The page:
A second object of the invention is to obtain a package comprising more than one types of opening, i.e., permitting the user to choose the mode of use of his pack.
Another object of the invention is to obtain a package producing a minimum of refuse, both during manufacture and during use, and using a minimum of raw material for its manufacture.
Additional objects and advantages of the present invention are apparent from the specification and drawings which follow.
A pack of cigarettes or of products of the tobacco industry is effectively protected against light, as well as against the loss or the penetration of humidity and the loss of aroma or off flavor of the products it contains, even though it is wrapped in a blank generally comprising only a single layer of material, when particular precautions are taken order to form the corners of the pack. Another advantage of the proposed package resides in the fact that it possesses several opening options, at the user's choice, permitting the latter to open his pack either as a soft pack or as a hard pack. A package of this type is particularly ecological since it is preferably made up from a biodegradable material.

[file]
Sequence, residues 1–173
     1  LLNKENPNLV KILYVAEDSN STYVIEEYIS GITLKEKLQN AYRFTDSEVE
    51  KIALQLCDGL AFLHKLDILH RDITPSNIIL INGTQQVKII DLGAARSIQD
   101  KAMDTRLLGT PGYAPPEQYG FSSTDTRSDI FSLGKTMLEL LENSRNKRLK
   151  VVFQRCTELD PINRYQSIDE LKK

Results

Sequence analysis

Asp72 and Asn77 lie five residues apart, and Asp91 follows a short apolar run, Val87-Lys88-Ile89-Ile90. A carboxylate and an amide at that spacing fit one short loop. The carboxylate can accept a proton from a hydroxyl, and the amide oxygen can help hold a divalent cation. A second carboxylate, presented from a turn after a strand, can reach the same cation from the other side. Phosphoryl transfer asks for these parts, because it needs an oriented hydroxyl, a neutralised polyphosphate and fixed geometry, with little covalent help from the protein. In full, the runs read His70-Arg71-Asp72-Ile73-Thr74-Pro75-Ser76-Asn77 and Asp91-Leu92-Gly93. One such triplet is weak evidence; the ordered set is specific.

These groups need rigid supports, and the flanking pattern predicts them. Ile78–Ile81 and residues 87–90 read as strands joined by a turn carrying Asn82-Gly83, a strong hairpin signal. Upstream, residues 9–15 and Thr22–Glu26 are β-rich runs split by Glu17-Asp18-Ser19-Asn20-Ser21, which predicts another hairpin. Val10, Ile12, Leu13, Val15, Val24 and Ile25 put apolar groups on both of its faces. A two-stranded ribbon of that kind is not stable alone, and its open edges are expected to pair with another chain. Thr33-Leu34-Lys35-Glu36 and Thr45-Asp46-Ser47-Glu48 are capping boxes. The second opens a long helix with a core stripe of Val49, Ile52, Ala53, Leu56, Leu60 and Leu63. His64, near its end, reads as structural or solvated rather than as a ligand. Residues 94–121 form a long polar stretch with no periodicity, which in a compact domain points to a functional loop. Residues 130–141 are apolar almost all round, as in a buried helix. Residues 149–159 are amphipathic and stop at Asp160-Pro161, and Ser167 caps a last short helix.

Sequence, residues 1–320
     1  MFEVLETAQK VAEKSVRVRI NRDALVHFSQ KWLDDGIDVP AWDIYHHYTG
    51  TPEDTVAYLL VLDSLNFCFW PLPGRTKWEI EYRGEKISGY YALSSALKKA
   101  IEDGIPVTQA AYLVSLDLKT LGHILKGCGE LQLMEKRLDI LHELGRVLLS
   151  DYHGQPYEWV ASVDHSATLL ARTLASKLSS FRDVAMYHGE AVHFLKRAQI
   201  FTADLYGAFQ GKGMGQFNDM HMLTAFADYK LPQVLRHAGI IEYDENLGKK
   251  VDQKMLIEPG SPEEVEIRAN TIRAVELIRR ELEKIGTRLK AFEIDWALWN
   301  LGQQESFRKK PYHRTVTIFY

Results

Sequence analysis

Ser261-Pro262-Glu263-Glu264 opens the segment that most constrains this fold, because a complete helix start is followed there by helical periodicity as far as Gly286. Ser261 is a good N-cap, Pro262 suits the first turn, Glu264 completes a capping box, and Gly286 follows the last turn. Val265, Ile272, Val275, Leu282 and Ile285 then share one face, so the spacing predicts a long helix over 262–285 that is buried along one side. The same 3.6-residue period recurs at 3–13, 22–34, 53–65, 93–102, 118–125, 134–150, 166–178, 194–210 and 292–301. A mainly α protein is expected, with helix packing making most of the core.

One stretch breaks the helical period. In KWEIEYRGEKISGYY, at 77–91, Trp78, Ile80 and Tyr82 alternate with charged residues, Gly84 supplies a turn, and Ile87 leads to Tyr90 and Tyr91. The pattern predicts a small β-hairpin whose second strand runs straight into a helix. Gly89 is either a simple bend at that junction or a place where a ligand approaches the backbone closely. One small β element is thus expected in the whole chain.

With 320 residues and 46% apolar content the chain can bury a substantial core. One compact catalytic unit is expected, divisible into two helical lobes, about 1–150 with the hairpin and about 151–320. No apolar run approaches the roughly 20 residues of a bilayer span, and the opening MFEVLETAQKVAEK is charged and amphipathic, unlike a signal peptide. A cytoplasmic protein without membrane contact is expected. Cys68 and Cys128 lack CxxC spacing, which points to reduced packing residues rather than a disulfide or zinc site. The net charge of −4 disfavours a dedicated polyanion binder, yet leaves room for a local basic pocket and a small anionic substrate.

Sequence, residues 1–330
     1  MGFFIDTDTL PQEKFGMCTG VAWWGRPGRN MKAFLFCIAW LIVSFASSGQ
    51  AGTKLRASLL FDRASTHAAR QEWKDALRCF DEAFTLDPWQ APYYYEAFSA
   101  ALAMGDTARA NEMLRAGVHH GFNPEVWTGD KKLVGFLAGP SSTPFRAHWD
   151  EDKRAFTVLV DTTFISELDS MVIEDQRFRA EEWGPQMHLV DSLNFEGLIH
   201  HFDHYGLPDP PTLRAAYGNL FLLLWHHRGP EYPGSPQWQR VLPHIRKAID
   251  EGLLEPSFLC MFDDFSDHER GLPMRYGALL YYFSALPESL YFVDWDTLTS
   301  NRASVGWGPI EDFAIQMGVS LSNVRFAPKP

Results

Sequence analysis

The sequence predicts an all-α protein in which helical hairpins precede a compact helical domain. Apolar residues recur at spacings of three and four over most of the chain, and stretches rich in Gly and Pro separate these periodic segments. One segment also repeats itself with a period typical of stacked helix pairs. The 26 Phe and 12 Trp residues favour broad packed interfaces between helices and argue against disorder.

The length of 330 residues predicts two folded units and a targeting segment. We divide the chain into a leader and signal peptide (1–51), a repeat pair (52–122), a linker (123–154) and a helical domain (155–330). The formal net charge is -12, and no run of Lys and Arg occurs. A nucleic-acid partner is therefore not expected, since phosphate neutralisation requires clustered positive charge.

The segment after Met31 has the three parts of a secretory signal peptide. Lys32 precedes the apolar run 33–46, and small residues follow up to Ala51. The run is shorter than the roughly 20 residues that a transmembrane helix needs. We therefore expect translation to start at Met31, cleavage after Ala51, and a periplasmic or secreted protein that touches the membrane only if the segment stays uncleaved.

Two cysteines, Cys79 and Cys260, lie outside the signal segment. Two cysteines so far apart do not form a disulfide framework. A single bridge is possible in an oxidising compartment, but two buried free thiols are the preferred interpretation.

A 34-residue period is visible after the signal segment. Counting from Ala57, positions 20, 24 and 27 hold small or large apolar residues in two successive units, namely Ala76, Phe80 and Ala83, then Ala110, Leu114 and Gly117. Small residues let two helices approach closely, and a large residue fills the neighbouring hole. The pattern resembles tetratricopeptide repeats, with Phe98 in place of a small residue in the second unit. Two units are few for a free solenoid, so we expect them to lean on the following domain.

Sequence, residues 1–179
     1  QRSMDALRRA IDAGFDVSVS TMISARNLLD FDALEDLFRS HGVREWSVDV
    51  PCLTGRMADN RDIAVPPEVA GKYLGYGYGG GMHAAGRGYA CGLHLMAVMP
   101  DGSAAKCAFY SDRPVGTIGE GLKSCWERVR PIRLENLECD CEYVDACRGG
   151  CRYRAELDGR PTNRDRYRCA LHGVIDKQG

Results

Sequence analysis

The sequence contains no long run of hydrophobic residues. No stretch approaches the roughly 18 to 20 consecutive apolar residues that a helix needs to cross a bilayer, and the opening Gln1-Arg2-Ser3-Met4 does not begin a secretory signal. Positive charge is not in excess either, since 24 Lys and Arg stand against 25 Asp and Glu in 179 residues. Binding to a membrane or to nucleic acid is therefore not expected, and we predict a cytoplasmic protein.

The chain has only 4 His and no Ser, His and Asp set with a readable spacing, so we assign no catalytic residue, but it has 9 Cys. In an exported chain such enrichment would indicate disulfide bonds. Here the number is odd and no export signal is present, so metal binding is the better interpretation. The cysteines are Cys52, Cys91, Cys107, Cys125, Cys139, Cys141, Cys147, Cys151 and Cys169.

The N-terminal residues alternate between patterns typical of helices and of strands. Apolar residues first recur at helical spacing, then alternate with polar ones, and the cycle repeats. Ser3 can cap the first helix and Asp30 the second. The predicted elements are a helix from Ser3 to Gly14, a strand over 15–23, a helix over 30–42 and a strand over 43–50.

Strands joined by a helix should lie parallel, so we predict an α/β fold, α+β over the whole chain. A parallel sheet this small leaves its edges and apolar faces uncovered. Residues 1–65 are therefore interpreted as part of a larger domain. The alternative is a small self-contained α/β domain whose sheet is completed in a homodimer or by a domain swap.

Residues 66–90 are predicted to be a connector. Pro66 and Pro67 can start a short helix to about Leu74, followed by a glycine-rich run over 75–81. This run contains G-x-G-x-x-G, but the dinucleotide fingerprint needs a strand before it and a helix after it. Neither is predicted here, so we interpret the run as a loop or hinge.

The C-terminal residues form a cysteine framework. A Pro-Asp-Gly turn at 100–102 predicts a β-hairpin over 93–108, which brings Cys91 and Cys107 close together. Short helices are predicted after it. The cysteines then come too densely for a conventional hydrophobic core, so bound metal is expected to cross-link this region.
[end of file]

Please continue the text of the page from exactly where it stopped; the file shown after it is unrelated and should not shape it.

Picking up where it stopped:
The invention is explained in more detail below vis-a-vis the enclosed drawing comprising the figures in which:
FIG. 1 depicts diagrammatically a preferred embodiment of a cigarette pack according to the invention, finished in the closed state;
FIG. 2 depicts the same pack of cigarettes opened according to one of the opening possibilities;
FIG. 3A depicts the same pack of cigarettes opened according to another opening possibility;